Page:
Jonathan Gray, "Dislike-Minded: Media, Audiences, and the Dynamics of Taste" (NYU Press, 2021)


In this episode, our host Sim Gill discusses the book Dislike-Minded: Media, Audiences, and the Dynamics of Taste (NYU Press, 2021) by Jonathan Gray.

You’ll hear about:

  • A brief history of the book and its connection to global studies of media and communication;
  • The role of media and cultural studies in amplifying the voices of dislikers, and how can scholars in these fields better understand and appreciate the register of dislike;
  • The method of refractive audience analysis as a way to understand how adaptations of media texts affect people's perceptions of the original texts;
  • How paratexts can shape audience perceptions and understanding of a media product;
  • How the gendered norms may hinder women from expressing dislike, and how this relates to larger cultural systems of dislike, including political contexts;
  • Some recent developments that have added to or changed the initial arguments/findings in the book.

About the book

Dislike-Minded draws from over two-hundred qualitative interviews to probe what the media’s failures, wounds, and sore spots tell us about media culture, taste, identity, representation, meaning, textuality, audiences, and citizenship. The book refuses the simplicity of Pierre Bourdieu’s famous dictum that dislike is (only) snobbery. Instead, Jonathan Gray pushes onward to uncover other explanations for what it ultimately means to dislike specific artifacts of television, film, and other media, and why this dislike matters. You can find the book here by NYU Press.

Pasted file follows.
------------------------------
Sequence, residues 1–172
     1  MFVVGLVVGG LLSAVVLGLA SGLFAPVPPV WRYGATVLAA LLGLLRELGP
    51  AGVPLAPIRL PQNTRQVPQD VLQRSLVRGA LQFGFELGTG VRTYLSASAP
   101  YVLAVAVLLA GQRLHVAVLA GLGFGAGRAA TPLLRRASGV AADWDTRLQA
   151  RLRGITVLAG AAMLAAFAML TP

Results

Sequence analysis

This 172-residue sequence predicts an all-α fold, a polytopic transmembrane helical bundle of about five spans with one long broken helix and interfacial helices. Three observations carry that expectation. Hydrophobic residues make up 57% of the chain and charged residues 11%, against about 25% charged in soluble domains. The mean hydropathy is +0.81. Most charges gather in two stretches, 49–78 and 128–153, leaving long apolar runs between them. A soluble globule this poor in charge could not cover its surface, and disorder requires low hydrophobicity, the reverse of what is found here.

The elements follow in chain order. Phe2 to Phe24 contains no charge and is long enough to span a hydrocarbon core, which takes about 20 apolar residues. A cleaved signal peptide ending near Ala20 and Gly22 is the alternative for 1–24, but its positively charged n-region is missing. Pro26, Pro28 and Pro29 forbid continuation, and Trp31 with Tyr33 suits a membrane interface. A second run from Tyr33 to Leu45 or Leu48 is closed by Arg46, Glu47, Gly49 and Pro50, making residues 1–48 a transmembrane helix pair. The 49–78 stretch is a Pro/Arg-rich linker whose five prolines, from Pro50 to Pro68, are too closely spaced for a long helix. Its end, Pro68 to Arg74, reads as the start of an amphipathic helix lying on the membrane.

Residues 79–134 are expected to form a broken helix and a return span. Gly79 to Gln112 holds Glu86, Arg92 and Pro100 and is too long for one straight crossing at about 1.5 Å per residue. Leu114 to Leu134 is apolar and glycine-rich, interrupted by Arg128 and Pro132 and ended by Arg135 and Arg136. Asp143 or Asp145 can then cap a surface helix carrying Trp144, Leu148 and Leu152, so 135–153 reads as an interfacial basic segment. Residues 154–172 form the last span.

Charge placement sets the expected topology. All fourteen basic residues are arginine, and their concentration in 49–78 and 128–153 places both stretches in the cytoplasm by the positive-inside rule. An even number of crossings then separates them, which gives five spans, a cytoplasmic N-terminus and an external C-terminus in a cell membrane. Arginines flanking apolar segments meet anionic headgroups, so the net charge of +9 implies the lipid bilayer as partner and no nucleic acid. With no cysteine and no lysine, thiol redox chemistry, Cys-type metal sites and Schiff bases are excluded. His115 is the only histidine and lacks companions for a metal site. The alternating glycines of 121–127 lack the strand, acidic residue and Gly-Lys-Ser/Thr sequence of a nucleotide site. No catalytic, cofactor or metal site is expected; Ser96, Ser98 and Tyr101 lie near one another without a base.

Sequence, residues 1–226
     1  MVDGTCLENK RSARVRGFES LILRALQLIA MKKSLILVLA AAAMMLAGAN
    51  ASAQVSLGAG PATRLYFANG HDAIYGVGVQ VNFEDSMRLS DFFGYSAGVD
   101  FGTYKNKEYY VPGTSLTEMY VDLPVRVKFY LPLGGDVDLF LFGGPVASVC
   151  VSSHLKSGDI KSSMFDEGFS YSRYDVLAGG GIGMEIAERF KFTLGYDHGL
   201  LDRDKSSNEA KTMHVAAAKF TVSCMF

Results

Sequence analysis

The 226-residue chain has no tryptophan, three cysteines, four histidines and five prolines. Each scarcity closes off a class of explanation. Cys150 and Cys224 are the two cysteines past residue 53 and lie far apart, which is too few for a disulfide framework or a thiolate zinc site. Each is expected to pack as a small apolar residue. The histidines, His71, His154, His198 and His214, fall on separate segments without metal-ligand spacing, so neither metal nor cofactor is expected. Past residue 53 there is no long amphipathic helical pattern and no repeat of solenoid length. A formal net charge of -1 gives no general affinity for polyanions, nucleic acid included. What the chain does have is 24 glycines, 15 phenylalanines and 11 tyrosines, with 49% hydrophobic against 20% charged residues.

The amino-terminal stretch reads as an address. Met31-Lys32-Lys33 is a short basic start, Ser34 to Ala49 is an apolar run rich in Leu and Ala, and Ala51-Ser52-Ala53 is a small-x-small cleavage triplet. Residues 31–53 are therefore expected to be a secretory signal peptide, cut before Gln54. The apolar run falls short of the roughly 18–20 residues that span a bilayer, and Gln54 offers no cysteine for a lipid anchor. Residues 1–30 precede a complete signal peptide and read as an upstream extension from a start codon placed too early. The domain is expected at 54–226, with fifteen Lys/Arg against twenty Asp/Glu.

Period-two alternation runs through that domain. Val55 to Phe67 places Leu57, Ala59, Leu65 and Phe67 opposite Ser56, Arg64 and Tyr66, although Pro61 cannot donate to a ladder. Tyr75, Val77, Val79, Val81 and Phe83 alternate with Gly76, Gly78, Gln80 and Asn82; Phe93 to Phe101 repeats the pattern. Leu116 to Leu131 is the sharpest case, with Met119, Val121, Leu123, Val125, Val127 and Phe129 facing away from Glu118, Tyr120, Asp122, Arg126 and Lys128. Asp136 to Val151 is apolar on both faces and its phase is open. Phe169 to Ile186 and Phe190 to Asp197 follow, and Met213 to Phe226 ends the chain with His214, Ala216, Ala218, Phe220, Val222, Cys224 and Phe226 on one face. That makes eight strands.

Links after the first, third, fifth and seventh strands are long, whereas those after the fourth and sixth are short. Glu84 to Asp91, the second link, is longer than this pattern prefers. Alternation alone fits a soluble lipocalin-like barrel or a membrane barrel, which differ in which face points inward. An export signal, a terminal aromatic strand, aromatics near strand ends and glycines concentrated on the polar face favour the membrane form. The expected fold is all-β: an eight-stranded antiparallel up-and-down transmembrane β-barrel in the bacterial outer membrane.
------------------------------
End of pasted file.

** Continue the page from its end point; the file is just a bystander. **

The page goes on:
Author: Jonathan Gray is Professor of Media and Cultural Studies in the Department of Communication Arts at the University of Wisconsin-Madison. His work examines how media entertainment and its audiences interact, and examines how and where value and meaning are created. He is now Chief Editor of The International Journal of Cultural Studies, co-editor, with Aswin Punathambekar and Adrienne Shaw, of NYU Press’ Critical Cultural Communication book series, and I was recently nominated as an International Communication Association Fellow.

Host: Sim Gill is a doctoral student at the Annenberg School for Communication at the University of Pennsylvania. Her research interests concern the social and subjective effects of discourse and institutional politics as well as the interrelationships between discourse, epistemology, and subjectivity. Her master's thesis evaluated the meaning-making behind the term BAME (Black, Asian and Minority Ethnic), commonly used to describe minority ethnic communities in Britain.

Editor & Producer: Jing Wang

Keywords: Dislike, audience studies, media cultures, identity, representation, citizenship

Our podcast is part of the multimodal project powered by the Center for Advanced Research in Global Communication (CARGC) at the Annenberg School for Communication at the University of Pennsylvania. At CARGC, we produce and promote critical, interdisciplinary, and multimodal research on global media and communication. We aim to bridge academic scholarship and public life, bringing the very best scholarship to bear on enduring global questions and pressing contemporary issues.

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Center for Advanced Research in Global Communication

The Center for Advanced Research in Global Communication produces and promotes scholarly research on global media, communication, and public life. Our work brings together “area studies” knowledge with theory and methodology in the humanities and social sciences to understand how local, lived experiences of people and communities are profoundly shaped by global media alongside cultural and political-economic forces.

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